The European Union is set to present an emergency package this week that includes a tax on windfall profits for energy companies, but countries are divided on the details and the possibility of imposing a cap on gas prices. .
At a meeting on Friday, energy ministers from EU countries called on the European Commission to come up with measures to take away excess revenue from non-gas power generators, reduce electricity consumption across the EU and help electricity companies that need emergency liquidity.
In an attempt to reduce the energy bill of citizens and companies ahead of winter, the ministers also asked Brussels to propose a limitation on the price of gas, according to the summary of the meeting of the Czech Republic, which holds the presidency of EU turn.
But European Commission President Ursula von der Leyen is set to present the bloc’s proposals in a speech on Wednesday, and countries disagree on whether a gas price cap would ease or aggravate Europe’s energy crisis. , according to diplomats.
“On the cost of gas, we continue to work on responses tailored to a global market,” von der Leyen said in a tweet on Saturday.
The proposal should lower prices in Europe “while ensuring security of supply,” she added.
According to diplomats, more than half of the EU member states mentioned the possibility of capping the price of gas at Friday’s meeting, but without reaching a consensus on what form it should take, be it a price cap for all imported gas, pipeline flows, wholesale gas trade or supplies from Russia.
“Most of those who talked about gas price caps disagreed,” an EU diplomat said.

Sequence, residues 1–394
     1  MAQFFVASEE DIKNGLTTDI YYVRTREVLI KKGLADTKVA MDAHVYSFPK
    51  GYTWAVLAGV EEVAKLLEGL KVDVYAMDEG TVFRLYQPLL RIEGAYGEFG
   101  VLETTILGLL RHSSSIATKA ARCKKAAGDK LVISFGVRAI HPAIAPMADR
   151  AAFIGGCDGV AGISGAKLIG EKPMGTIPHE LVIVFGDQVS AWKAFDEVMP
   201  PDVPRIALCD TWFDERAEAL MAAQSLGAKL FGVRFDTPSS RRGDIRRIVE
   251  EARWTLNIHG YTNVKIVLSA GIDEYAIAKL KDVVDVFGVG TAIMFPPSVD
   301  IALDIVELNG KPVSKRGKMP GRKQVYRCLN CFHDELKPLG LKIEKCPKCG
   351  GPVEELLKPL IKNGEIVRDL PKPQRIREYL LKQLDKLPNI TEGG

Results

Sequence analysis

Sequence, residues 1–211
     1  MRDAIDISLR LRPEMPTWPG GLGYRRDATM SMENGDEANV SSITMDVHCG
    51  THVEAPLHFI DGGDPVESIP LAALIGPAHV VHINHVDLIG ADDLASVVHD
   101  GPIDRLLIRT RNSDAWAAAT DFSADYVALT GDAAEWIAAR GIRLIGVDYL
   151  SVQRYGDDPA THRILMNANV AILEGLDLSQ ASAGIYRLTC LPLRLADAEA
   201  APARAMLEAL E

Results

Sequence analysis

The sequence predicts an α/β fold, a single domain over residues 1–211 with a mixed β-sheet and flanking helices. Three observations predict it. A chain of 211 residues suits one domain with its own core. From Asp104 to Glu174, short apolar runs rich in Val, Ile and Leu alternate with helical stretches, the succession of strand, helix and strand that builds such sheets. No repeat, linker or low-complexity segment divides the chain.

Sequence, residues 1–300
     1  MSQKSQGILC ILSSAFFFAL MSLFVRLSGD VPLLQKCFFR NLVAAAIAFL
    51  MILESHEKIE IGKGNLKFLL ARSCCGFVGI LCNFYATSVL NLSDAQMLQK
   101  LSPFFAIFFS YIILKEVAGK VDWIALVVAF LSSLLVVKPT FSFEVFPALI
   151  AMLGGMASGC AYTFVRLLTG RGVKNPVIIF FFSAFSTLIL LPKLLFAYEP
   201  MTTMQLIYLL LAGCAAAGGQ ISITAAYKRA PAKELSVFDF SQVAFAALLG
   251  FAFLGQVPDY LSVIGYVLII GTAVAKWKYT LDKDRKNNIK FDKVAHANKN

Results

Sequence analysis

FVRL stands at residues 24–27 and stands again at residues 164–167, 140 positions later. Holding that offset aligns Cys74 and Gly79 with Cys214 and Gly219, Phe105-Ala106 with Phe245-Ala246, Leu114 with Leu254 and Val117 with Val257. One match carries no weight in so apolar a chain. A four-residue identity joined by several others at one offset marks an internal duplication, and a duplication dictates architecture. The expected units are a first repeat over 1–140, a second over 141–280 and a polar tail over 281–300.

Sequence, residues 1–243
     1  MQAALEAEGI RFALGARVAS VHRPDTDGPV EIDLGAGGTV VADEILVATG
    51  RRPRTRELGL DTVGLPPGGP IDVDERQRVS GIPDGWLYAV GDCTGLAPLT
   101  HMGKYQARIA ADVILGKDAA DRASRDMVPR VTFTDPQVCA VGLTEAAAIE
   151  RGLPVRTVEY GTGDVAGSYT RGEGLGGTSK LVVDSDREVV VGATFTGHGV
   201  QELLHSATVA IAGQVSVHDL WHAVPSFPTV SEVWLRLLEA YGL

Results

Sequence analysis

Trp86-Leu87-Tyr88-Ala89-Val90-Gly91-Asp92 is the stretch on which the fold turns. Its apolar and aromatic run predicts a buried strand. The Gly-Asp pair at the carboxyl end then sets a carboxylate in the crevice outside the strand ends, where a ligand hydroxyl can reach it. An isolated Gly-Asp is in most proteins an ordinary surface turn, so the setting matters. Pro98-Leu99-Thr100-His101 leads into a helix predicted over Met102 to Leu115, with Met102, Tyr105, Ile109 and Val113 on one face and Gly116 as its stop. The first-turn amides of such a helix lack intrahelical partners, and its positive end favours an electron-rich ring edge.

The 27 EU member states will have to approve the energy measures, possibly at another emergency meeting of ministers this month.
Russia supplied about 40% of the EU’s gas before its invasion of Ukraine. That percentage has plummeted to 9% as Moscow has cut supplies to Europe, blaming the cuts on technical problems caused by Western sanctions.
EU ministers ended up refusing to limit the price of Russian gas, something that countries like Hungary and Austria had warned could cause Moscow to cut off the dwindling supplies it still sends to the EU.
Germany, the Netherlands and Denmark are among the countries opposing a blanket cap on gas prices, warning it could jeopardize Europe’s energy security in winter by leaving countries struggling to attract supplies in the competitive world market for liquefied natural gas.
Others, such as Italy and Poland, say capping gas prices would offer relief to households and industrial sectors that have been forced to curb production due to high gas costs.
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